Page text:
Chinese Test Kits In Question

The Business Insider published an article wherein Spanish microbiology experts claimed that the COVID-19 tests bought from China worked only 30% of the time. The same report was also shared with El Pais, one of Spain’s major dailies. According to reports, Spain, through the head of its health emergency coordination center, will be returning the tests to its Chinese manufacturer, Bioeasy. 

Note that, according to the Chinese Embassy in Spain, these tests were not part of China’s medical donation and that Bioeasy did not have the necessary permits to sell its products. This was also explained via Twitter, where the embassy explained that the Chinese Ministry of Commerce did not include Bioeasy in the official list of manufacturers they shared with Spain and that the company has yet to get permission from their National Medical Products Administration to sell their products. 

What is even stranger, other countries also brought these tests from the company, including Georgia. 

In the Philippines, something similar also transpired with the Department of Health (DOH) earlier, claiming that the test kits from China were only 40% accurate. The Chinese Embassy here likewise explained that the Chinese government did not donate the test kits in question, and after that, the DOH issued a clarification that they mistook the test kits in question as part of the donation.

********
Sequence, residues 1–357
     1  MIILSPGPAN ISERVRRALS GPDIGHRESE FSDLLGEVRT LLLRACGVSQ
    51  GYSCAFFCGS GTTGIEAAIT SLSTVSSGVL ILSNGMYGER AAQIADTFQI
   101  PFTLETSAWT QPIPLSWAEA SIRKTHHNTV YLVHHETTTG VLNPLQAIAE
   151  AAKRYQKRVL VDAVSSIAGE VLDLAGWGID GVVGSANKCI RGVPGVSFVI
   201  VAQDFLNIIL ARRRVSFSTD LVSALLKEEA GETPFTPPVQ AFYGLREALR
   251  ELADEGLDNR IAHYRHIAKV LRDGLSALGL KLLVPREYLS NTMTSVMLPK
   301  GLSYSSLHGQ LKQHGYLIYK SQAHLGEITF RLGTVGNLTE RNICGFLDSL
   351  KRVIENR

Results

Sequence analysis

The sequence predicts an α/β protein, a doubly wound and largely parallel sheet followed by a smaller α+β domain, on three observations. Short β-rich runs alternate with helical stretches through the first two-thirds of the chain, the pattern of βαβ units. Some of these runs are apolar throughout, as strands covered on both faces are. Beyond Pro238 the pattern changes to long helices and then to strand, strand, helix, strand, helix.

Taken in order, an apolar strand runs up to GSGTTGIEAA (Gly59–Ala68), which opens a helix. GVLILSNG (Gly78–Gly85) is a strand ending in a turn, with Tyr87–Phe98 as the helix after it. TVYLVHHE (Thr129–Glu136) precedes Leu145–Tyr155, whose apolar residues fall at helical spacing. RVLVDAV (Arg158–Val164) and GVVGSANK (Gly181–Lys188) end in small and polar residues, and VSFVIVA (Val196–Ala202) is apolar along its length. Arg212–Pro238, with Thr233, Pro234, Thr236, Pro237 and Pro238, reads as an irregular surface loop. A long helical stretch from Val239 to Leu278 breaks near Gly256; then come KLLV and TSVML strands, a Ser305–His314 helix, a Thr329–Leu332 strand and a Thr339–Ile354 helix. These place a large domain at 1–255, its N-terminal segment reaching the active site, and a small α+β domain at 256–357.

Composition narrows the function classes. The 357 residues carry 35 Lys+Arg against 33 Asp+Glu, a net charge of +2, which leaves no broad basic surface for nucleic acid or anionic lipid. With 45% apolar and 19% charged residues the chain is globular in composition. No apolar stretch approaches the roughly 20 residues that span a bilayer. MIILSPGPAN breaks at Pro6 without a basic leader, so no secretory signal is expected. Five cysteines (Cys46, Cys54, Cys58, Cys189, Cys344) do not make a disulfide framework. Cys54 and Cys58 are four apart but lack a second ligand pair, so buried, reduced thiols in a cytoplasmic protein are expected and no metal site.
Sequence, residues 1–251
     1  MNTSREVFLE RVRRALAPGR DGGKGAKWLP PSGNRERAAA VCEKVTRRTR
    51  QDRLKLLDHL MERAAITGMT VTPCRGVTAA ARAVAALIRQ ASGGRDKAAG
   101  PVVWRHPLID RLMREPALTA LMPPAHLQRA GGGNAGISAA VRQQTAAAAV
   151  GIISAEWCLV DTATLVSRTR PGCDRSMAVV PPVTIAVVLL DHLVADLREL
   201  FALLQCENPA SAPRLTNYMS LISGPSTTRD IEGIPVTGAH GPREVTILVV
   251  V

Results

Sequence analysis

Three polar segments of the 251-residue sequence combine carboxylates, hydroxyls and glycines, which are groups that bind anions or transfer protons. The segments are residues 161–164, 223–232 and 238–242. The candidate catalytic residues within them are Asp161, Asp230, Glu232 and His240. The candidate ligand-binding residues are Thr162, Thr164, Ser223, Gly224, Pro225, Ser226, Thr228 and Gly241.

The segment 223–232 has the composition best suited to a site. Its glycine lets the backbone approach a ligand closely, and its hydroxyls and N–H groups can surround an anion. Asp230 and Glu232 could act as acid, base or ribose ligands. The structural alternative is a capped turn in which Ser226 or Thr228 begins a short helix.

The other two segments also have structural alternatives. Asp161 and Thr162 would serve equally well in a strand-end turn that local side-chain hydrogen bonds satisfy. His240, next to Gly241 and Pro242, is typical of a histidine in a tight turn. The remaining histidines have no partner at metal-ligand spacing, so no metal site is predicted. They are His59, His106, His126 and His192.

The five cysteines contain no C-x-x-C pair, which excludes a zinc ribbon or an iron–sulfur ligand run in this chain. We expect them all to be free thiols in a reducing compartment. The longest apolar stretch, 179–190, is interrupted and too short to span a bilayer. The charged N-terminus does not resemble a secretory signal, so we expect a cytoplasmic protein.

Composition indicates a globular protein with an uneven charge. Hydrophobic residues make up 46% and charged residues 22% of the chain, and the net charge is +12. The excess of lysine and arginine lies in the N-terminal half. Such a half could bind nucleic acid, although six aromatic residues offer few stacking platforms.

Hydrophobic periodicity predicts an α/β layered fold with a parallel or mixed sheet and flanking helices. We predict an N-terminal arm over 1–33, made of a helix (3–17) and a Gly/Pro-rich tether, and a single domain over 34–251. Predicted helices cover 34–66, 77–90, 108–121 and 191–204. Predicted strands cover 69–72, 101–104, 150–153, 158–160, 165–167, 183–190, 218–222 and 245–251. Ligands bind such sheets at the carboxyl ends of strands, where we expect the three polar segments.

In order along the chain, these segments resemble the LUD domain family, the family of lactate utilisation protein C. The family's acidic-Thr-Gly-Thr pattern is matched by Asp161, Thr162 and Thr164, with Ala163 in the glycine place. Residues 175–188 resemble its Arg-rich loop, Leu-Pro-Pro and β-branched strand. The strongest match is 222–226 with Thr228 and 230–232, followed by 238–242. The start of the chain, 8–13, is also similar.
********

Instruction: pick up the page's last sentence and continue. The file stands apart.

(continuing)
Test kits are a critical component in this war against COVID-19, having the public question the reliability of these diagnostic tools can only weaken the government’s efforts to lead the nation and sow further distrust and skepticism. 

But could the government have prevented this confusion and doubt? Did they make the necessary checks and double-checks to ensure that what they are getting from whichever source are the right products? 

Well, the short answer to the first question is YES – it is after all the government’s role to ensure that the tools they will be using are effective and that they can deliver the desired effect. And, we can very well assume that the government has the expertise at their disposal to make the necessary product evaluations. If this assumption is false, then we are in for more problems down the line. 

If the government did not make the necessary checks, or if they had been reckless in their decision making that ended up compromising their efforts, what can we do about it?

At this point, where we need to trust the government more than ever, missteps like this should be among the top things they should be focusing on. It will be harder to win this war when the public loses confidence in our leaders.